There are no national standards for "eco-friendly," "environmentally-friendly" or other similar terms used for "green" household consumer products, like there is for organic, which is a term regulated by the U.S. federal government. The government's organic-use regulations also have legal penalties attached, if used improperly by farmers, manufacturers, marketers and retailers. Therefore, buying "eco-friendly" household cleaners and paper goods is mostly a "buyer beware" situation for consumers.

For example, not all brands of "eco-friendly" paper goods are made from 100% recycled paper, like Fresh & Easy's are. Additionally, the percentage of post-consumer recycled paper used in such brands of products can vary considerably. At 80% post-consumer recycled paper, Fresh & Easy's brand is at or near the top percentile, along with a number of others, based on the numerous brands in the category we've examined.

The packaging for both "eco-friendly" lines was designed for Tesco's Fresh & Easy by London-based P&W, which works extensively with El Segundo, California-based Fresh & Easy Neighborhood Neighborhood Market, as well as with its parent company, United Kingdom-based Tesco, on private brand packaging design creation.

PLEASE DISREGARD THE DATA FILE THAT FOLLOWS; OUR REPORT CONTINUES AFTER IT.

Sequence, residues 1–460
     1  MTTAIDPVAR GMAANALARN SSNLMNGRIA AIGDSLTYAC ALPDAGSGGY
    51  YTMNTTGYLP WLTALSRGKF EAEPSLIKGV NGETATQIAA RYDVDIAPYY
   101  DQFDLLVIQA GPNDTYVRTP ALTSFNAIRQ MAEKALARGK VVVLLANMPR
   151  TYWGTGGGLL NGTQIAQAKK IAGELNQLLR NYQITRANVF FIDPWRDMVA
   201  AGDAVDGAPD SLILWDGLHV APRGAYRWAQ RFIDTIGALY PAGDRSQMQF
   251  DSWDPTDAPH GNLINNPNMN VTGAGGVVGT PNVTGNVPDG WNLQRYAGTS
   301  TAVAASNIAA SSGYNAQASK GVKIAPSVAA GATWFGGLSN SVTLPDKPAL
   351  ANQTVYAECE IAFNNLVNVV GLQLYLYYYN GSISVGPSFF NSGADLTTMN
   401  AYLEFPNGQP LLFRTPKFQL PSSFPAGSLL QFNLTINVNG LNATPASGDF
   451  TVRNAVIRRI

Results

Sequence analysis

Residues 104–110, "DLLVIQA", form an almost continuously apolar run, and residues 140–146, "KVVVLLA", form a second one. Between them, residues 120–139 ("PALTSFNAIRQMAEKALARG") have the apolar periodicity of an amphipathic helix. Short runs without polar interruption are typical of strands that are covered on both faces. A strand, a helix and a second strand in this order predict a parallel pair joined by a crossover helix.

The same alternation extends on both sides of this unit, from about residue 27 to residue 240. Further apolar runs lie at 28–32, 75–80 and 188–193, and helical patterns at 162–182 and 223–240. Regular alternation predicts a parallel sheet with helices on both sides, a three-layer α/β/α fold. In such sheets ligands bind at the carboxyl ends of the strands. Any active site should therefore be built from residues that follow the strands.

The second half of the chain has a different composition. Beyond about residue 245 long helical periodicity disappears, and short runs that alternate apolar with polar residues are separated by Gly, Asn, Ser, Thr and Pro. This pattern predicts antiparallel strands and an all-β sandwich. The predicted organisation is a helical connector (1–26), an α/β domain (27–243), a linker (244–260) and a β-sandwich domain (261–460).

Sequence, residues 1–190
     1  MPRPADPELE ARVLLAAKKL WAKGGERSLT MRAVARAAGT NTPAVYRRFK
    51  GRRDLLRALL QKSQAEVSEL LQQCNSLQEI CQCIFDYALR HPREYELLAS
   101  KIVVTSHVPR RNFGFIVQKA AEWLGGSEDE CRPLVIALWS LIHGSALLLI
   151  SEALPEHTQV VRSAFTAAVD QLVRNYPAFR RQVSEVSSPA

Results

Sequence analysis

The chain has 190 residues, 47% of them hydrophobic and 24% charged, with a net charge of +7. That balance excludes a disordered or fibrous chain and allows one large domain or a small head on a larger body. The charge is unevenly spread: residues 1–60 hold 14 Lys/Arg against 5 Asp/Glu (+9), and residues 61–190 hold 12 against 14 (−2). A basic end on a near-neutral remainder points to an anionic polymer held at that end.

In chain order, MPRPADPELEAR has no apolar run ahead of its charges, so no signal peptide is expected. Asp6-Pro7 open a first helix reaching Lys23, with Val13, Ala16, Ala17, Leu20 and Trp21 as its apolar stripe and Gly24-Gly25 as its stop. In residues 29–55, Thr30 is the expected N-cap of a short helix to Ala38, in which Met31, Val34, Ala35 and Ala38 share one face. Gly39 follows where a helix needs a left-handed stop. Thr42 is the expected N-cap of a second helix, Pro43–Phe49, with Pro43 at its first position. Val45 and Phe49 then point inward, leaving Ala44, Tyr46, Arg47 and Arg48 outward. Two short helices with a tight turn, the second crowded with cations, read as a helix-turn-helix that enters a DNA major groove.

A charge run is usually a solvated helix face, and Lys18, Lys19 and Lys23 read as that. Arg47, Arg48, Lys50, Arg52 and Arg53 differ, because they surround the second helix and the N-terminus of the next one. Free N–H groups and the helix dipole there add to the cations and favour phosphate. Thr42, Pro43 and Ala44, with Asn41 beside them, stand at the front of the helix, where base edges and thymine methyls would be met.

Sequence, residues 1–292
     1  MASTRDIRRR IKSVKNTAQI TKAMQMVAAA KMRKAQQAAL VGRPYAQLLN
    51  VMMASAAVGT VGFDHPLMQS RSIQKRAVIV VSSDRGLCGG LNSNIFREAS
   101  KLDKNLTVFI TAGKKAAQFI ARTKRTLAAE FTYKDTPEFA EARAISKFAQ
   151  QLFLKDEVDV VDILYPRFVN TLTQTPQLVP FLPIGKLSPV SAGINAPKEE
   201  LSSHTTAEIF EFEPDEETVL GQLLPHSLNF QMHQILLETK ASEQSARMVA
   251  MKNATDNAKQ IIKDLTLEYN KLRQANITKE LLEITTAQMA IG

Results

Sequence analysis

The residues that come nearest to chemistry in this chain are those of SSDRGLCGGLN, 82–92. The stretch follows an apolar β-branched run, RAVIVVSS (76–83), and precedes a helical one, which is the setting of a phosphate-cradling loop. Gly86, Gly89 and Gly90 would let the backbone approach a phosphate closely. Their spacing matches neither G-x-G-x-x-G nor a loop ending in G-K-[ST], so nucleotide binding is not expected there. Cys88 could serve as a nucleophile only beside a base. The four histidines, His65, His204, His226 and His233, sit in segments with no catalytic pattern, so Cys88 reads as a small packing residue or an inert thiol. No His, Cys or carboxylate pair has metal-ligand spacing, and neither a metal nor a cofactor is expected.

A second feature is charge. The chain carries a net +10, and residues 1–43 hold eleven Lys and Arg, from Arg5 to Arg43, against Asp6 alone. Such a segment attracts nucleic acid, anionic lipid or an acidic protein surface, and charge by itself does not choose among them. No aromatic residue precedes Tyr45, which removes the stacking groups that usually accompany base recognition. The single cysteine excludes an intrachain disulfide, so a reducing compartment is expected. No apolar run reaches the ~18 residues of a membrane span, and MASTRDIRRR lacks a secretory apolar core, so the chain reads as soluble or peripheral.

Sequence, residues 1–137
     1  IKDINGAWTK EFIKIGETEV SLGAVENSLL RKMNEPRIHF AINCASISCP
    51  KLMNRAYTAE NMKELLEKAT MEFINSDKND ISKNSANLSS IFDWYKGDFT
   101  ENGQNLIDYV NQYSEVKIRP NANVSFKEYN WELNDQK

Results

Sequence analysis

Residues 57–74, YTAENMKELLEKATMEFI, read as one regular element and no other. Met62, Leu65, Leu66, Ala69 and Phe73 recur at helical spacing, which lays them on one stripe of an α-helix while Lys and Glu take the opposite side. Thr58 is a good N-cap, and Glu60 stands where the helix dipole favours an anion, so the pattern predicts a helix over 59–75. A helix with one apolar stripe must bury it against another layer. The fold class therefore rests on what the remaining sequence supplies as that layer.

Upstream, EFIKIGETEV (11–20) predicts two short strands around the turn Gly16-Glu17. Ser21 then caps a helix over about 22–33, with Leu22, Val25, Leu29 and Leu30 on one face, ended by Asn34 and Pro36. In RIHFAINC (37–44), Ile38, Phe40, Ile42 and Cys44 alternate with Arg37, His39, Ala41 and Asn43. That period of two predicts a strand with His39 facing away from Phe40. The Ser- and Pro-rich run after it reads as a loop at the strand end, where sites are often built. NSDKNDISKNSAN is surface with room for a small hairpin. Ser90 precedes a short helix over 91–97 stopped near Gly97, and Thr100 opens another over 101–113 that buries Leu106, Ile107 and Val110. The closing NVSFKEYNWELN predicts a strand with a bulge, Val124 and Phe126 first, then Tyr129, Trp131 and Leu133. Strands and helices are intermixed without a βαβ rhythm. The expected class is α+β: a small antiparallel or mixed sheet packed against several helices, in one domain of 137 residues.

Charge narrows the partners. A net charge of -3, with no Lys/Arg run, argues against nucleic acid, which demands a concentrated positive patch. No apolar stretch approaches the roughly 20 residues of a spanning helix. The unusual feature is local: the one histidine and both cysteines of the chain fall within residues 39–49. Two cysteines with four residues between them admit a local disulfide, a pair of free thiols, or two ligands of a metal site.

Fresh & Easy's 'fresh&easy green things' "eco-friendly" household cleaning products and paper goods lines join similar private brand lines it's competitors, such as Safeway Stores, Inc., Whole Foods Market, Trader Joe's and others, offer in their respective stores.

Both the "eco-friendly" household cleaner and paper goods categories have been expanding significantly over the last few years in the U.S.

For example, among the numerous national brand leaders in the "eco-friendly" household cleaners category are: Seventh Generation - one of the creators and a pioneer company and brand in the category - Clorox, with its "Green Works" brand line of household cleaners; and San Francisco-based Method, which is a fast-growing company and brand in the "eco-friendly" household cleaning products, laundry detergent and related green products' categories.